Education News from Washington Post
The election of Bill de Blasio, a progressive Democrat, as the next mayor in New York City could mean big changes in the nation’s largest school district, which for 12 years has been the subject of corporate-influenced and standardized test-based school reform. A group of New Yorkers recently got together to start to set an agenda for real change in the city schools. Mark Naison, a professor of African American Studies and History at Fordham University and director of Fordham’s Urban Studies Program, writes about it here. He is the author of three books and over 100 articles on African American History, urban history and the history of sports. And he is a co-founder of the Badass Teachers Association.Read full article >>
A Montgomery County grand jury is expected to examine bank records for potential financial improprieties at Rock Terrace, a public school in Rockville for special-education students, according to documents in the case.Read full article >>
Trustees of the University of the District of Columbia voted Tuesday night to delay a proposal to disband the school’s intercollegiate sports teams, strongly signaling that they want the school to remain in NCAA Division II athletics. But they approved the end of 17 academic degree programs that have drawn relatively few students.Read full article >>
A blaze of flame erupted from NASA’s Wallops Island facility on Virginia’s Eastern Shore at 8:15 p.m. Tuesday as a satellite developed by students from Thomas Jefferson High School for Science and Technology launched into space aboard a Minotaur I rocket.Read full article >>
A 19-year-old Liberty University student was shot and killed early Tuesday at an off-campus women’s dormitory in a confrontation with a campus police officer. University officials said they had received reports that a male student attacked the officer with a sledgehammer in the dorm’s lobby.Read full article >>
Montgomery County school leaders approved a $1.74 billion construction plan Monday night that would add hundreds of classrooms to Maryland’s fastest-growing school system while keeping on schedule some projects that had been slated for delay.Read full article >>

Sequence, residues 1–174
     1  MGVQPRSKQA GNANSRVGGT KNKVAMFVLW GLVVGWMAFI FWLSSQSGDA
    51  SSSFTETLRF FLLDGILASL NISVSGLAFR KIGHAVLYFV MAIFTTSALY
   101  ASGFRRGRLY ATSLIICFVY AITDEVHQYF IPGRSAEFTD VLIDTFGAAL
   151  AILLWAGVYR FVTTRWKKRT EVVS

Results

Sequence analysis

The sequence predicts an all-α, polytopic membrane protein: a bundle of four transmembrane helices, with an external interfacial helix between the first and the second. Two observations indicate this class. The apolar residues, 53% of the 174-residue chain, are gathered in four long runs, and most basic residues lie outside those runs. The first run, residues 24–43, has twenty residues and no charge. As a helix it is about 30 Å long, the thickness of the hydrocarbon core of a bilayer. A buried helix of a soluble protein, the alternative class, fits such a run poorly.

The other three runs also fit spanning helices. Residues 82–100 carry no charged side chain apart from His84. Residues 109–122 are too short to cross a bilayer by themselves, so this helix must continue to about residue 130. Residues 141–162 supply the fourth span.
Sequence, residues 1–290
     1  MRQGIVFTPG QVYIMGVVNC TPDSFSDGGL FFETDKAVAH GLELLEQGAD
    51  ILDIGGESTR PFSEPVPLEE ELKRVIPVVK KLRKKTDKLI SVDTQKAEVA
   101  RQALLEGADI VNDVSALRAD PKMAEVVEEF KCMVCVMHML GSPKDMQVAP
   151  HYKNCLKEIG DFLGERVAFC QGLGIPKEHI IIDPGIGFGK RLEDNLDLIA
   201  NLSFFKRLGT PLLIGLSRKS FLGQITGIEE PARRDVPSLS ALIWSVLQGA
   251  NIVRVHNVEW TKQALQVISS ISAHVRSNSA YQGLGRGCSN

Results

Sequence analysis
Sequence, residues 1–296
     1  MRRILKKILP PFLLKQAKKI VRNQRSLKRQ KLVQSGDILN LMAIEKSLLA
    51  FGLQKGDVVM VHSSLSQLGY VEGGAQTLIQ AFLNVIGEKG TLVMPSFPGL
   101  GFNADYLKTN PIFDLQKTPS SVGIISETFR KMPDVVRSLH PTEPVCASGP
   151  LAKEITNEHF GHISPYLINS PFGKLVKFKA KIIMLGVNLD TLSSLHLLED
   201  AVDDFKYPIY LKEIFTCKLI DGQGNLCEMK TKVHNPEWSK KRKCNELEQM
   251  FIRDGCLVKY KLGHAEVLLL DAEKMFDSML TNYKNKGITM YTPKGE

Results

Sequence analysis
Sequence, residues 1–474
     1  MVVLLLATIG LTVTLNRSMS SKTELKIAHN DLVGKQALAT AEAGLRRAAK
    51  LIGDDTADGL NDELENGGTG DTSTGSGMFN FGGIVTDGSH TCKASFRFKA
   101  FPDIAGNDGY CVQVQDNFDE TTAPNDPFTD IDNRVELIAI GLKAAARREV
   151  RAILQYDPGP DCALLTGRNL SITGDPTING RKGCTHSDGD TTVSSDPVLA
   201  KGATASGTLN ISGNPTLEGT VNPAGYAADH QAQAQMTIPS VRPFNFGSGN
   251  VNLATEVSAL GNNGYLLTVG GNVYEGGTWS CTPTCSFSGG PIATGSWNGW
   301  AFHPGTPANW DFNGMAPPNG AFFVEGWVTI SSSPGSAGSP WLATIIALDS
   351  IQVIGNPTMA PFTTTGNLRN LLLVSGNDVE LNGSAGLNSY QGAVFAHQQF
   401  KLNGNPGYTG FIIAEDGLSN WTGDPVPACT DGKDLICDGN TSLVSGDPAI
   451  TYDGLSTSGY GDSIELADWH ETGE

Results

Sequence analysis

The majority of the District’s charter schools and all of the city’s traditional public schools plan to participate in a single, unified lottery to determine enrollment for next fall, a shift education officials hope will streamline what has often been a frustrating and chaotic process for families.Read full article >>
Prince George’s County employees will be able to take up to 20 hours of administrative leave a year to volunteer in county schools under a bill approved by the County Council on Tuesday.
The council voted unanimously in favor of the measure, which was proposed by Council member Ingrid Turner (D-Bowie).Read full article >>
Imagine learning about the Gettysburg Address without a mention of the Civil War, the Battle of Gettysburg, or why President Abraham Lincoln had traveled to Pennsylvania to make the speech. That’s the way a Common Core State Standards “exemplar for instruction” — from a company founded by three main Core authors — says it should be taught to ninth and 10th graders.Read full article >>
The Fairfax County School Board will vote next month on whether to use eminent domain to acquire a vacant office building in Falls Church and convert it into an elementary school to alleviate severe crowding in the area.Read full article >>
Two charter school operators, including a Texas-based organization whose business practices have drawn scrutiny, have won permission to open schools in the District next fall.
The D.C. Public Charter School Board voted at its meeting Monday night to give conditional approval to Harmony Public Schools, which operates the largest charter chain in Texas, and Democracy Prep, known for its no-excuses approach to educating inner-city children in New York.Read full article >>
The opening of the new Brookland Middle School in Northeast Washington will be delayed one year, until fall 2015, because of construction issues and concerns about recruiting enough students, according to D.C. officials.Read full article >>